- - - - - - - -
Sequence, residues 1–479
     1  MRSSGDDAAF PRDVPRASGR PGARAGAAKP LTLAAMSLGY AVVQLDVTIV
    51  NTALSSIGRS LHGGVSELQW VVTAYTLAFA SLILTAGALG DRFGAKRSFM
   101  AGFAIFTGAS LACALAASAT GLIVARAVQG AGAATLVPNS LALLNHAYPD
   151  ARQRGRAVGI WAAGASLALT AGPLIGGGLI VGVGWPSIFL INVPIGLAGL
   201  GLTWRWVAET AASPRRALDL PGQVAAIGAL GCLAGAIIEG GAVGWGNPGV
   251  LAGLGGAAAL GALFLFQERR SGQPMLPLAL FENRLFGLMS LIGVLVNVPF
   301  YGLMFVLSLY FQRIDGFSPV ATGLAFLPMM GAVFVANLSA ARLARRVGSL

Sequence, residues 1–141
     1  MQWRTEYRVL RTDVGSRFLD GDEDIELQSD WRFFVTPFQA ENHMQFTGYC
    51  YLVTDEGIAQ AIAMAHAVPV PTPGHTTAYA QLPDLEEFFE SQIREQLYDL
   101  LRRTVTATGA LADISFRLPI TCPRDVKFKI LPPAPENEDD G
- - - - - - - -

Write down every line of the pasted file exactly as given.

Sequence, residues 1–479
     1  MRSSGDDAAF PRDVPRASGR PGARAGAAKP LTLAAMSLGY AVVQLDVTIV
    51  NTALSSIGRS LHGGVSELQW VVTAYTLAFA SLILTAGALG DRFGAKRSFM
   101  AGFAIFTGAS LACALAASAT GLIVARAVQG AGAATLVPNS LALLNHAYPD
   151  ARQRGRAVGI WAAGASLALT AGPLIGGGLI VGVGWPSIFL INVPIGLAGL
   201  GLTWRWVAET AASPRRALDL PGQVAAIGAL GCLAGAIIEG GAVGWGNPGV
   251  LAGLGGAAAL GALFLFQERR SGQPMLPLAL FENRLFGLMS LIGVLVNVPF
   301  YGLMFVLSLY FQRIDGFSPV ATGLAFLPMM GAVFVANLSA ARLARRVGSL

Sequence, residues 1–141
     1  MQWRTEYRVL RTDVGSRFLD GDEDIELQSD WRFFVTPFQA ENHMQFTGYC
    51  YLVTDEGIAQ AIAMAHAVPV PTPGHTTAYA QLPDLEEFFE SQIREQLYDL
   101  LRRTVTATGA LADISFRLPI TCPRDVKFKI LPPAPENEDD G